As the share of states in government expenditure is inching towards 60%, the budgets of different state governments are more important than ever before. Those budget statements also contain some interesting ideas. One such idea came from Kerala this year. Promising to deliver a new optic fibre network, Wi-Fi transmission centres and free Internet facility to two million poor families, Kerala’s finance minister T.M. Thomas Isaac affirmed access to Internet as a right for every citizen. With this, the southern state joined a clutch of countries like Finland, Estonia, France, Spain, Greece and Costa Rica that have declared the Internet a basic human right—the precise legal commitments differ in each of these countries.
Last year, the UN issued a declaration which was widely interpreted as an affirmation of access to Internet as a basic human right. A closer reading, however, suggested that it primarily focused on imploring states to refrain from taking any measure that disrupts citizens’ access to the Internet. However, the UN declaration also went on to affirm “the importance of applying a comprehensive human rights-based approach in providing and in expanding access to Internet…” So far it is clear that there are two distinct issues involved here: 1) the access of Internet services to people who cannot afford it currently, and 2) the disruption of Internet services for current users.
The latter can be covered under both the right to access information and the right to freedom of expression. The state ought to frame guidelines or laws to govern Internet disruptions and shutdowns in accordance with liberal interpretation of the freedoms it bestows upon individuals. Such a policy should curb the powers of the state and Internet service providers to implement Internet blackouts. But can access to Internet in general be defined as a basic human right? Vinton G. Cerf, a “father of the Internet”, doesn’t think so.
In an article for The New York Times, Cerf argued, and correctly so, that the move to declare the Internet as a human right may be well intentioned but misses the point that “technology is an enabler of rights, not a right itself”. A strong rebuttal from Scott Edwards of the Amnesty International USA pointed out that even if “access to the physical town square may not be a human right in isolation, it has always been for most inseparable from the right to association and expression”. “And denial of access to the town square through curfews, martial law, or emergency rules,” Edwards adds, “are tantamount to restriction [sic] on association and expression.” But again Edwards is actually defending the right to access Internet for current users more than the right to services for those who cannot afford it.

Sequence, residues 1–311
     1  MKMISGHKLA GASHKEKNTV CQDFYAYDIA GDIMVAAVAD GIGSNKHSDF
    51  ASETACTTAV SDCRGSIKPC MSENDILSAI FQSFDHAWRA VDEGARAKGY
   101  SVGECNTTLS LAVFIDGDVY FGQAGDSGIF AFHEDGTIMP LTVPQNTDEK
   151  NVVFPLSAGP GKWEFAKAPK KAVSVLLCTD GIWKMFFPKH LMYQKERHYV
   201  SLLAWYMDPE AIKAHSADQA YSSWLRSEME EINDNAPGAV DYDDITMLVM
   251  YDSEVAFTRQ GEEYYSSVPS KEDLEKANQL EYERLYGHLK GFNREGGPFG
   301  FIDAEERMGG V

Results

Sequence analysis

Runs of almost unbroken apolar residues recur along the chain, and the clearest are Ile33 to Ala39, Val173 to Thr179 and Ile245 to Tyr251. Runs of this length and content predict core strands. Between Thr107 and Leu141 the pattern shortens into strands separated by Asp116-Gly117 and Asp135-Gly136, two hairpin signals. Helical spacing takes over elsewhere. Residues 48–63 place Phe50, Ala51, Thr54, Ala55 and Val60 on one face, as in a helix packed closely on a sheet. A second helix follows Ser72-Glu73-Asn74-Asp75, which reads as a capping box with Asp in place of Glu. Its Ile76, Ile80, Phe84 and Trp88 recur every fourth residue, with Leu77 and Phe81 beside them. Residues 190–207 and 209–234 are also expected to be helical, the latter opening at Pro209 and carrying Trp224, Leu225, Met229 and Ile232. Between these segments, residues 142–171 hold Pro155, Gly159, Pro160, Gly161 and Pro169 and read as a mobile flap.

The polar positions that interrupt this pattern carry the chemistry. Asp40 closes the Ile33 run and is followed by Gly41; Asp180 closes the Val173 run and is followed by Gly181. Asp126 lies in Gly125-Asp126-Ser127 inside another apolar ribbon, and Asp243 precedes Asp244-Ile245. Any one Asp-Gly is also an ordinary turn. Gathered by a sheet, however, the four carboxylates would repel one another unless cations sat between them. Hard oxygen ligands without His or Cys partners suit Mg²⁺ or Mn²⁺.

But Cerf himself complicates the matter by allowing for the Internet to be defined as a civil right which is “conferred upon us by law” as opposed to a human right which is “intrinsic to us as human beings.” This brings us to another distinction—one between positive rights and negative rights—which is more important to developing countries like India. Negative rights are intrinsic to us as human beings and the Constitution merely guarantees the protection of such rights. The Constitution usually curtails the power of government or other entities in performing certain actions which violate the negative rights of the individual. The right to equality or the right to freedom of expression enshrined in the Constitution of India are examples of such rights.
A positive right, on the other hand, enables the holder of the right to claim a good or a service against the state or someone else. These rights—or simply, entitlements—require fiscal allocations and hence are subject to budgetary constraints. In India, such rights include the right to work (National Rural Employment Guarantee Act, 2005), right to education (Right of Children to Free and Compulsory Education Act, 2009), and right to food (National Food Security Act, 2013). Cerf’s idea of right to the Internet as a civil right also comes under the banner of positive rights.
When legislated, supporters argue, positive rights become justiciable and enable the citizens to demand better services from their governments. But as Parth J. Shah, the founder president of the Centre for Civil Society, argues in Liberalism In India: Past, Present And Future, justiciability works only in theory, not in practice. Non-provision of positive rights can be justified on several grounds like budgetary constraints and fiscal prudence and no one in the government can be held accountable. Moreover, declaration as rights enables centralization of power. A right to education, for instance, mandates a kind of standardization for every corner of the country without taking into account the granular differences on the ground. This limits policy experimentation and is deleterious for governance in general. Positive rights also dilute the scope of more critical negative rights by spreading the state capacity—a scarce commodity, especially in a country like India—thin.
The usefulness of the Internet cannot be overstated and the government should do everything possible to bridge the digital divide among its constituents. But declaring access to the Internet as a citizen’s right is not a defensible proposition.
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